Friday, July 12, 2002

Series of carefully stencilled spray-painted slogans on the sidewalks: in yellow, Cavr Oche. In white, Fin. And some vertical logo that I cannot reproduce with mere text.

And then there are those rather nice-looking whirly daisies on several street corners done in ropy Pollockesque paint, white, with occasional red accents.

A slogan chalked on the board outside of Vintage New York (a great wine shop on Broome and Wooster): "In water, you see your own face, in wine you see the heart of another." —French Proverb. Those French clearly know a thing or two about living the good life. In that spirit I bought some fancy raw milk cheese for lunch.

Thursday, July 11, 2002

A mid-July day masquerading as a mid-April day. Crisp, sunny, with a small hamster-shaped white cloud poised over 6th Ave. Ever notice how firetrucks are the most pristine of all vehicles? Always bright clean red, always shiny chrome, with their number and neighborhood painted in elegant lettering. Three firetrucks dashed to and fro during my half-hour walk. The third slowed down at the entrance to MacDougal below Houston, while residents of the block pulled the police barricade aside to let the No. 5 from Greenwich Village pass. The elbow of one firefighter was visible through the glassless window—crisp new-looking chartreuse neon stripes across the black heat-proof suit.

Approximately one hundred bottles of imported beer, each a different brand, are crowded into a deli window, meticulously set in four dense rows. A very impressive array for a small deli.

A short-shorted woman rides by on a Harley, blond hair streaming from under a minimalist blue helmet.

Lovely group of six year old girls on the steps of a local school, all eating brightly colored popsicles with their caretakers, who are also eating popsicles. One of the children is trying to get the attention of an adult, sticking out her small arm for inspection: "See? I’m bleeding."

Lots of people are sitting in the pigeon-filled square at Bleecker and 6th. One is a young woman who has fallen asleep with her head thrown forward onto her own lap. An elderly gent is trying to catch the attention of some women his age across the street, by yelling "Yo!"

At the fruit place on Bleecker between Carmine and Cornelia I obtain three Southern Peaches, two of which turn out to be mealy and inedible. Haven’t tried the third yet. Some things really are better gotten at the grocery store, though it lacks a certain element of romance. The fruit shop has a green tray of fresh figs for 59¢ each, and glossy-leaved bunches of basil for 99¢.

A succession of tourists wandering loosely with the dazed smiles of their kind. I slip down Minetta Lane, which always feels furtive somehow, and end up on MacDougal again. A parade of outdoor diners, at blue and yellow-clothed tables, or wrought iron, or marble topped, or chic black. Eating pasta with pink sauce, two slices of honeydew melon, a fat omelette, red wine, iced tea, Perrier. I walk back to the office for a cheese-and-Branston-pickle sandwich (it’s a Brit thing, the pickle is kind of like a dark chutney. Looks gross, but the sandwich is strangely compelling). And those damned flabby peaches.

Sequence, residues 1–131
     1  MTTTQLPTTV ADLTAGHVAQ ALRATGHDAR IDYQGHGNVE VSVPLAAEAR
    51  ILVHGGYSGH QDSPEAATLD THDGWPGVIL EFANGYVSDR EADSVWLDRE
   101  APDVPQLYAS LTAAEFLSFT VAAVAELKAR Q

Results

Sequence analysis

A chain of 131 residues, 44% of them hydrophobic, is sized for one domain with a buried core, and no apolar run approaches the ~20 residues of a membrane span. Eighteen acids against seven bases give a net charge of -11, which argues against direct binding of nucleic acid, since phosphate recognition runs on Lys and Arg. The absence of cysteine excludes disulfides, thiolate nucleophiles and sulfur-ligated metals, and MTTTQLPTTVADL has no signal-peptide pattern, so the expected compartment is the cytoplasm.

Wednesday, July 10, 2002

Lunch with a visiting relation, so no big blog today. All I saw was the interior of a restaurant, woman nursing a cup of coffee and a pack of Camel Regulars at the next table (ugh!), and waitresses flitting around doing everything possible except bringing me my damn café au lait.

Macramé shoes, hurtling white vans trying to blast through the intersection of W. Broadway and Houston without yielding to peds. Clear blue sky, then back to the grind.

Tuesday, July 09, 2002

Superb eyeball fodder today.

A fierce-browed black man walking a happy-go-lucky golden retriever. So marked was the difference in their respective demeanors that I found myself wondering if it could even be his dog. Then again, perhaps the man’s face simply reflected discomfort in the humidity, or a fight with a girlfriend, or an unexpectedly large Visa bill.

In the same 1-block stretch of Houston St. between Thompson and Sullivan, doppelgangers for both Jerry Garcia (smoking on the steps of an upscale shop) and Ram Dass (striding toward Jerry in a white caftan and long khaki pants). Perhaps they were planning to meet at Jane’s restaurant.

Despite it being one of the few days on which my attire approximates Soho standards, I headed for the peace of the labyrinthine West Village. Here’s why Bedford St. is one of my favorites: shops with names like Poodle Cut (a dog groomer’s) and The Lively Set (Antiques and Decoratives).